Colorado will join three other Rocky Mountain states to apply for federal money to create a hydrogen hub that would help Colorado meet its goals for reducing greenhouse gas emissions over the next 28 years.
Gov. Jared Polis joined the governors of New Mexico, Utah and Wyoming to announce their plans to create the regional hydrogen hub and to compete for t$8 billion set aside for such projects in the 2021 Infrastructure Investment and Jobs Act. The U.S. Department of Energy is expected to open applications for the money in May.
Last year, the Polis administration created a plan to find ways that clean hydrogen could help the state meet its climate goals by transforming, storing and using hydrogen as an alternative fuel. The state’s greenhouse gas reduction plan calls for a 50% decrease in emissions by 2030 and a 90% reduction by 2050.
“In Colorado it’s building on our road map where hydrogen plays an enormous role,” Polis said in an interview with The Denver Post about the four-state agreement.
Each state’s governor will appoint three people to serve on a consortium that will bring together people from government agencies, academia and the private sector to coordinate and pursue the federal money, Polis said.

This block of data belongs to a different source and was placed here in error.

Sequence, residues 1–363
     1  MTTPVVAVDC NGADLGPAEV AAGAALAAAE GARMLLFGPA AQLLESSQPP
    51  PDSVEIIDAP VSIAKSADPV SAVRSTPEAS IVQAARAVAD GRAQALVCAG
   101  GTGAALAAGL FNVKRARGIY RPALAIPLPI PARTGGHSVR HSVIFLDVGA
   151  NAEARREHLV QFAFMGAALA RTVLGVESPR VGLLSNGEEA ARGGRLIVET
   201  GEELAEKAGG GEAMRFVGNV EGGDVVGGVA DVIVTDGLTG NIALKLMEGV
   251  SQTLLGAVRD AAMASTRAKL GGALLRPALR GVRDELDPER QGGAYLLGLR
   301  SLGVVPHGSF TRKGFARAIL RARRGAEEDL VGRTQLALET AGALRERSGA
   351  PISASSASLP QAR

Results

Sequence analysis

Already, the Great Plains Institute has identified Denver as potential hydrogen hub, citing a high number of industries that would benefit from tax credits through reducing harmful emissions. The city also has two hydrogen-producing facilities that are within the city’s central corridor of industrial activity and fossil fuel use, according to the Great Plains Institute’s Atlas of Carbon and Hydrogen Hubs for United States Decarbonization.
In developing a hydrogen hub, Colorado would push for its use as a fuel for medium to heavy vehicles, use it to replace fossil fuels for electricity production and research how it can be used in high-temperature industrial processes.
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